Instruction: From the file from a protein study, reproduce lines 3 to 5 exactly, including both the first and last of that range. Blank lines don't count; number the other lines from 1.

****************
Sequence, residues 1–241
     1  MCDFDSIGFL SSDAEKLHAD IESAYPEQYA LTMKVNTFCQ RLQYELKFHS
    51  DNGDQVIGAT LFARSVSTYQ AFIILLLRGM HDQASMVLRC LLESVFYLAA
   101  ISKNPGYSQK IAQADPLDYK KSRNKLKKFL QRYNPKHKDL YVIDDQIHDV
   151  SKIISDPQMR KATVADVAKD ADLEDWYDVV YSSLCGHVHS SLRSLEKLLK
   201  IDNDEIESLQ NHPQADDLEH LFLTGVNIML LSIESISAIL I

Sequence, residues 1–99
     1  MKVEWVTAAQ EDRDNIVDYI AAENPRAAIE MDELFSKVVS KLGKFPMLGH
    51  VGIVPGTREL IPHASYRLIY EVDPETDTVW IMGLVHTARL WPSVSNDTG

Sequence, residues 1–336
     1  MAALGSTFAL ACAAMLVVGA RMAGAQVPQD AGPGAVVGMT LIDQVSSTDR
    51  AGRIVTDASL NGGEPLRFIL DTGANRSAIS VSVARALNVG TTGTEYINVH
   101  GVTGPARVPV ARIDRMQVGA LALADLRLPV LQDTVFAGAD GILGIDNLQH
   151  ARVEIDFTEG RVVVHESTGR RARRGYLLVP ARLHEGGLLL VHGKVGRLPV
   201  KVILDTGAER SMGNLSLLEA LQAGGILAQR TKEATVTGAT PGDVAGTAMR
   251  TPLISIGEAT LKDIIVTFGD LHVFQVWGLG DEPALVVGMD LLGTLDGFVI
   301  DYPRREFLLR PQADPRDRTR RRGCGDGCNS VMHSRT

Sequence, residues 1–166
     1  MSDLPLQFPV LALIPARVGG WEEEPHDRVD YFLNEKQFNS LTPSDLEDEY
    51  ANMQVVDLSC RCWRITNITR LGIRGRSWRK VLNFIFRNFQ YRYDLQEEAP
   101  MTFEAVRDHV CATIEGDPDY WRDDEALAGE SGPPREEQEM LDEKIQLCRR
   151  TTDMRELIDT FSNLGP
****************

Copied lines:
    51  DNGDQVIGAT LFARSVSTYQ AFIILLLRGM HDQASMVLRC LLESVFYLAA
   101  ISKNPGYSQK IAQADPLDYK KSRNKLKKFL QRYNPKHKDL YVIDDQIHDV
   151  SKIISDPQMR KATVADVAKD ADLEDWYDVV YSSLCGHVHS SLRSLEKLLK